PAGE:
Is it possible? We’ve been having thoughts about how to grow sensibly without taking the big risk of moving into our own kitchen and storefront space. It’s not that we are opposed to this, but the current economic gloom isn’t giving us the confidence that it’s the best time to consider it. It’s always a gamble when you start a new business, but as we approach our first full year as a company in the next few months, we no longer need to question whether this is a viable business (it’s proven that it is), but rather, what is the next step that will allow us to grow, but not too big? People are always advising us to “just hire help”, but it isn’t that easy. Mark can’t really bring another person into the restaurant kitchen where he bakes because of space limitations and consideration for the kitchen staff. He is also so fast and efficient that he feels having another person doesn’t really help without time for proper training (I mean, do you know anybody that can single-handedly bake 2000 cookies in 7 hours?), which at this point he has had no time for. We don’t want to turn orders away on any more major holidays, so we’re starting to look into other options where space would allow another helper, even if it means renting a commercial kitchen again (which in NYC is surprisingly scarce) when production is crazy.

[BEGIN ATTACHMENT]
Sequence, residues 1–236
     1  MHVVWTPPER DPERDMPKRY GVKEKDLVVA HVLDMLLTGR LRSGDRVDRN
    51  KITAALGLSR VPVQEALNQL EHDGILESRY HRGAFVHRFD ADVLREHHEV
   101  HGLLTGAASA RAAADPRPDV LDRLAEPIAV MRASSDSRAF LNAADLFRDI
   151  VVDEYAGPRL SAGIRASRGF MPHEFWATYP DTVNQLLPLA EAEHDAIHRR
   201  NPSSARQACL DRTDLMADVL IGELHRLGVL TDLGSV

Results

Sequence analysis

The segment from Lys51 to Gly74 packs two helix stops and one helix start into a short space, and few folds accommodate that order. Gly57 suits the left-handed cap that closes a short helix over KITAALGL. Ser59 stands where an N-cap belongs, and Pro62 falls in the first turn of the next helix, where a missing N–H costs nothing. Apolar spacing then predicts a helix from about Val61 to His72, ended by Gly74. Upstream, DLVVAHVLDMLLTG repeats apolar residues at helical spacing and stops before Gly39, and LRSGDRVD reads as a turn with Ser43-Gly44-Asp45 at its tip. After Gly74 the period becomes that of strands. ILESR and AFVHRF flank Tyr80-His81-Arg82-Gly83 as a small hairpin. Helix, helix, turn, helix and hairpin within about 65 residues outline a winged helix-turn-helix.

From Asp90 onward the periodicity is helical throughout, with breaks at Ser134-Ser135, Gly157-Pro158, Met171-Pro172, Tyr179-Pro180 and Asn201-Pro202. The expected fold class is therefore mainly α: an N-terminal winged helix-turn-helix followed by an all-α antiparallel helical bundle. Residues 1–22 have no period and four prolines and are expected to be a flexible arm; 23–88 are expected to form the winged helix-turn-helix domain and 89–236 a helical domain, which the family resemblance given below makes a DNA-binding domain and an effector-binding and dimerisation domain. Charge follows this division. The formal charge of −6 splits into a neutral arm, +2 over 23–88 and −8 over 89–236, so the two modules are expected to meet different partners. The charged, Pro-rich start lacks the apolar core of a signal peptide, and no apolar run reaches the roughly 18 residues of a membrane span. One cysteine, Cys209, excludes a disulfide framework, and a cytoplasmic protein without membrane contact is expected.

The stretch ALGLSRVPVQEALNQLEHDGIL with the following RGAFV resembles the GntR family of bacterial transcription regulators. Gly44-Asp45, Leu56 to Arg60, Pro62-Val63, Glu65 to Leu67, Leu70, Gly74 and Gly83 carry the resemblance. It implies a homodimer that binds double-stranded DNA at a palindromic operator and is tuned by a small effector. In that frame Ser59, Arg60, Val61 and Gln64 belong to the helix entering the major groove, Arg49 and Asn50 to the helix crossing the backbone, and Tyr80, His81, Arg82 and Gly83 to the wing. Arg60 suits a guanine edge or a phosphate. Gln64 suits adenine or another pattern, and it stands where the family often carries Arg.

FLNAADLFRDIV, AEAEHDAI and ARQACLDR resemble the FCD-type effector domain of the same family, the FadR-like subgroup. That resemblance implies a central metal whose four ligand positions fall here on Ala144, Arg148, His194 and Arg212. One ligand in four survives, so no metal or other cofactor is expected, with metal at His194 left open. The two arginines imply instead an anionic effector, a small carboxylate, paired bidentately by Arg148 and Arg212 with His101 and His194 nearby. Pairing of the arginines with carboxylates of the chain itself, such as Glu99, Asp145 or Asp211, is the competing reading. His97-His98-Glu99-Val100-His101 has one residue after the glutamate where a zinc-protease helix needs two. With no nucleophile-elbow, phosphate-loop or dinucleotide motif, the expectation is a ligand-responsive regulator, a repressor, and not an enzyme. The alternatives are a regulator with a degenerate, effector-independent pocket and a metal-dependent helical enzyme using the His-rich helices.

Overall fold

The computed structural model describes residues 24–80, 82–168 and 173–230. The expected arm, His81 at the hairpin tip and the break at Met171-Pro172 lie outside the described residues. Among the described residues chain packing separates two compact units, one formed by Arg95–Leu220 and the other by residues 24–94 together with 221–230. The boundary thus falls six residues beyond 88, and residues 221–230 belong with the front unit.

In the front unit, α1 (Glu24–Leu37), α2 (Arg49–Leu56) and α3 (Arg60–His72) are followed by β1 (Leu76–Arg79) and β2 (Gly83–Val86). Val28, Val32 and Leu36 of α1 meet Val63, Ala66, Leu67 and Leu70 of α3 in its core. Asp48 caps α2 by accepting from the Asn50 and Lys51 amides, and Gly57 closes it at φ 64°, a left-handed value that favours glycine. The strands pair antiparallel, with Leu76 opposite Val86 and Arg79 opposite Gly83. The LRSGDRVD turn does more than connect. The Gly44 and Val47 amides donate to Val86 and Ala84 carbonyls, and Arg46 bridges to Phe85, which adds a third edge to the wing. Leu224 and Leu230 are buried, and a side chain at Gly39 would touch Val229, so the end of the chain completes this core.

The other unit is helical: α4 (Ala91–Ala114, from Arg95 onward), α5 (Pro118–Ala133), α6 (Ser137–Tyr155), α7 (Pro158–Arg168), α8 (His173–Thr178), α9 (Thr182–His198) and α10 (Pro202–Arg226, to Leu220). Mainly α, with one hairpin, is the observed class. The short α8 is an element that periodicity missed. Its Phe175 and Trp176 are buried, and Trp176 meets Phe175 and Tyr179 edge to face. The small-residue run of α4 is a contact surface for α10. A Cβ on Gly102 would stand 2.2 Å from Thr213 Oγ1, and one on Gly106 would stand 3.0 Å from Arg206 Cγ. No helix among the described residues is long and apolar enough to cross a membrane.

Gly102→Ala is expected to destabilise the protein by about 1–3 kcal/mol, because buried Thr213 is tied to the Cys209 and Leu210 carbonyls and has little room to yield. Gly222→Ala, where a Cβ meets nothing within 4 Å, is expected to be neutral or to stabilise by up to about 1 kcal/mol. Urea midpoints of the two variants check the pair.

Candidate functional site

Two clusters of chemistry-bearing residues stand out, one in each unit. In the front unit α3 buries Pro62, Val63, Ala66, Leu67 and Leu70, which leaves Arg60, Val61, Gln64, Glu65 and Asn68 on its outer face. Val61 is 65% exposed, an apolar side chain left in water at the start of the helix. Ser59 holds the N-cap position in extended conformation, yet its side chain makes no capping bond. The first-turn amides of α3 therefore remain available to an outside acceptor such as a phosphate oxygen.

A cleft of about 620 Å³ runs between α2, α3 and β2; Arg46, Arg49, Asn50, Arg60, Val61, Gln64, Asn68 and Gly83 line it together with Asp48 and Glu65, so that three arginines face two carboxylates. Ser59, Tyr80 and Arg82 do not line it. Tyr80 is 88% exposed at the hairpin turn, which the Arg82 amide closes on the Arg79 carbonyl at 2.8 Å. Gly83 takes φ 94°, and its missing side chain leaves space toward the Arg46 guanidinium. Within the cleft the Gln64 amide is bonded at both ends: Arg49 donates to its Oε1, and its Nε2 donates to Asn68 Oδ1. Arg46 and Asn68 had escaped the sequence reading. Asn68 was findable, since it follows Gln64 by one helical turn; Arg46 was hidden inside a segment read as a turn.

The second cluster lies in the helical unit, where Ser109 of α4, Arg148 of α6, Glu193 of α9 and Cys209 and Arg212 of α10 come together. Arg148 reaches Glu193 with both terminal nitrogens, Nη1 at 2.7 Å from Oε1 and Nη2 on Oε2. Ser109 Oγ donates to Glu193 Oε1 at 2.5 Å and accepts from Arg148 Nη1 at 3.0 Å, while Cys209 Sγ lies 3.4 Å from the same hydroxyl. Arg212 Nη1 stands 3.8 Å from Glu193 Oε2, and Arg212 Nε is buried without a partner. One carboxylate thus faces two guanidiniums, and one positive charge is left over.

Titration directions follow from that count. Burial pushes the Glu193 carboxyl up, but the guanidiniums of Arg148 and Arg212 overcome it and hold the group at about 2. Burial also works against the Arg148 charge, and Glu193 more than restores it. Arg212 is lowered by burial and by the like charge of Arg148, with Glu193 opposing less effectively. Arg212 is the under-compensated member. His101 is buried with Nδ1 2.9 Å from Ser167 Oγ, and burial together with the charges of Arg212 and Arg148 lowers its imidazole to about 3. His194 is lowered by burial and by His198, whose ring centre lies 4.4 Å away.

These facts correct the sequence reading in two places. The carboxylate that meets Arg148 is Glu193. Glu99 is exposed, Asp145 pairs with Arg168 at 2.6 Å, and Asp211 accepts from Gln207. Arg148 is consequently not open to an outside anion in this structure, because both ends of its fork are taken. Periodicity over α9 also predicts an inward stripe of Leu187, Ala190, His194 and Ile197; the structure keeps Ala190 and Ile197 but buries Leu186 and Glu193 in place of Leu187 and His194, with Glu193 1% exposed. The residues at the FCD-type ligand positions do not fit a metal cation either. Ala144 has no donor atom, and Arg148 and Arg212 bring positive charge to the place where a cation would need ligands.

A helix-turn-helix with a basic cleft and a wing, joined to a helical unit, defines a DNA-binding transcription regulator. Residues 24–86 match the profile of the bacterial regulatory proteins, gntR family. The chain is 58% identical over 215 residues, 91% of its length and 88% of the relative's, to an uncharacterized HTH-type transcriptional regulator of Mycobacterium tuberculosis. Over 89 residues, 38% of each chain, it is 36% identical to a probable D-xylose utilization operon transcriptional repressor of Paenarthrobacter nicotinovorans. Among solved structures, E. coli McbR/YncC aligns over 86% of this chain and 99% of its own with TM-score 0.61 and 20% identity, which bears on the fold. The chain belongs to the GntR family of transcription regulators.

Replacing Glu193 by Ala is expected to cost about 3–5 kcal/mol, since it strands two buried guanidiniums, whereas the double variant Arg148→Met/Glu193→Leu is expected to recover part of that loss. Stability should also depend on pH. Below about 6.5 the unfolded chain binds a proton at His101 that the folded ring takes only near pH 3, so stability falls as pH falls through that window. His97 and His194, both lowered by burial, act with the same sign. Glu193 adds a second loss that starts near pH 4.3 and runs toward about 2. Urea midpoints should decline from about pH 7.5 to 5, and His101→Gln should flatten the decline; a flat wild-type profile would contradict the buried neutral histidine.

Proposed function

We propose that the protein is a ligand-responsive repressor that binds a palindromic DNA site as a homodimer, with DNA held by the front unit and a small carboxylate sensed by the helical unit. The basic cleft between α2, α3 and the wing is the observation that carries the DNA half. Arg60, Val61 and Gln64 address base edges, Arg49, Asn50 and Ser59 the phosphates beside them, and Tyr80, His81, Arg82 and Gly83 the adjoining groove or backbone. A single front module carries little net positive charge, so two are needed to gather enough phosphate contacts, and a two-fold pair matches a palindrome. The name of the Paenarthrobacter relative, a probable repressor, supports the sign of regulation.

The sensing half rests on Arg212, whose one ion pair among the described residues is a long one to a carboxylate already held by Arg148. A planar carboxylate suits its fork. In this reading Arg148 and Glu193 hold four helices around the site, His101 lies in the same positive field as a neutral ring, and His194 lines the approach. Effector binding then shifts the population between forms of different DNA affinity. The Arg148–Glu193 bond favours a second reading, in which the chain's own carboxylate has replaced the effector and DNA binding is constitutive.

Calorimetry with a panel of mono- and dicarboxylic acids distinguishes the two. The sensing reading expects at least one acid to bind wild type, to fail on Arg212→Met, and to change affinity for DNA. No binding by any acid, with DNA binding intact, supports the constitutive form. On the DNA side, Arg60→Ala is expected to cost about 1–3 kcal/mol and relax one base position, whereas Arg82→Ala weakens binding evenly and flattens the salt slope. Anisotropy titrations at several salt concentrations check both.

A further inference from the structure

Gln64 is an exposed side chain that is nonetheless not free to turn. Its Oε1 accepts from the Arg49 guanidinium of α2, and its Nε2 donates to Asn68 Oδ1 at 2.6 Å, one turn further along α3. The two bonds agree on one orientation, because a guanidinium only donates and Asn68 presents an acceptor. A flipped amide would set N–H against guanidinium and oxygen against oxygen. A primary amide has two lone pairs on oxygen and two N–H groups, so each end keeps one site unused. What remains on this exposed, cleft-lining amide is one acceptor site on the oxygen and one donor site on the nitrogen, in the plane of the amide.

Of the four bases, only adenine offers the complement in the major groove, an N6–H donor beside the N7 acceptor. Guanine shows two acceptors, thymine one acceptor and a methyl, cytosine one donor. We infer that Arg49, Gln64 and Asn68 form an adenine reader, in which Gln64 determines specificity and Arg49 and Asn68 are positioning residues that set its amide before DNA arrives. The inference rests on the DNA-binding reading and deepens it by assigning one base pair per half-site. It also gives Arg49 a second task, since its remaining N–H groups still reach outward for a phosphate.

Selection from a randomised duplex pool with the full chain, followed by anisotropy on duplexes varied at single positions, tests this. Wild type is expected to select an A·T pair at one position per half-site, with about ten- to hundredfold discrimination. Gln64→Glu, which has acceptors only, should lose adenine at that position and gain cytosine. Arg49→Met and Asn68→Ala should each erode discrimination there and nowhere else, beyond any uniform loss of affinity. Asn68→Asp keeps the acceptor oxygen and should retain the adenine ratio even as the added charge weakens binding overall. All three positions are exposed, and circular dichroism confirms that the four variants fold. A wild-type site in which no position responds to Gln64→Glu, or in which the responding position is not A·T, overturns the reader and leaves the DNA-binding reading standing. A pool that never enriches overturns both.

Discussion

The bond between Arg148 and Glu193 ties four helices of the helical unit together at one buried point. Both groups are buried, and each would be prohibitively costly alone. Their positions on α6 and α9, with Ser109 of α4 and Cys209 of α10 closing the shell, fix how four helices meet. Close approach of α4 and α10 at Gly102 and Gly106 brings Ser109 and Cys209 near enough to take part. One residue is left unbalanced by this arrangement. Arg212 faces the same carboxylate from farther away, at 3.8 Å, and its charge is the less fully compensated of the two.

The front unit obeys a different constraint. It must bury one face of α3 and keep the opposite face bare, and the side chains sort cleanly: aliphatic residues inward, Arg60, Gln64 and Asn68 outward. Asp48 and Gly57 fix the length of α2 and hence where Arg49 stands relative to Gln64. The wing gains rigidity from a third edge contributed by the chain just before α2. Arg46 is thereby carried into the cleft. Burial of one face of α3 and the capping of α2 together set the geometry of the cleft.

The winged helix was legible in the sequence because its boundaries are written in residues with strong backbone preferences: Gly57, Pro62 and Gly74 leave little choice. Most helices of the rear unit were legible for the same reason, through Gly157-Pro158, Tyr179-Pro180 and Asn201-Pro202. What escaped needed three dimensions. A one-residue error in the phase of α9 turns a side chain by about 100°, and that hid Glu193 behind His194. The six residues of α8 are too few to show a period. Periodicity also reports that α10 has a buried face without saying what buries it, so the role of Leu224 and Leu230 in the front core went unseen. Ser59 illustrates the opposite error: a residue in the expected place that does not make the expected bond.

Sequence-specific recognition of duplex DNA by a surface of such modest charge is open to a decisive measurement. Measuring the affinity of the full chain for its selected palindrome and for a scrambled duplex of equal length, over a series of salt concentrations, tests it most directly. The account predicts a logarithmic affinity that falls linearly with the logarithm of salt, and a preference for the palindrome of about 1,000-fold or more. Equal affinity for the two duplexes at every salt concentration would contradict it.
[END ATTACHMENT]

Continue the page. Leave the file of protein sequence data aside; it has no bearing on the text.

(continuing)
I never had aspirations of owning a restaurant or even a storefront (I am not that financially adventurous), but if we ever do decide on getting our own kitchen space we would most certainly have to do either or both just to help cover the monthly rent. It’s a daunting thought – especially when you consider that you’d have to hire employees – and one that I am not ready for. But I’m not sure how much longer Mark can do it all himself. He hasn’t had a day off or barely a minute of downtime since our Christmas break and I can see that he is growing weary. Our loose plan was to keep plugging away as we are and ride out the economy like everyone else until both girls are in school full time which would make current childcare issues much easier. But as word about the company continues to spread and we get more inquiries about press and wholesale orders, we seem to be facing these questions again and again. How much can we handle? It’s funny. Most people would be thrilled at the extraordinary luck we’ve had with publicity this past year. Whether or not it gets realized or manifests into something that actually happens, people are finding us. But whenever I inform him that “so and so” sent us an email, Mark just breathes a heavy sigh, pulls his hat down, and quietly continues to work.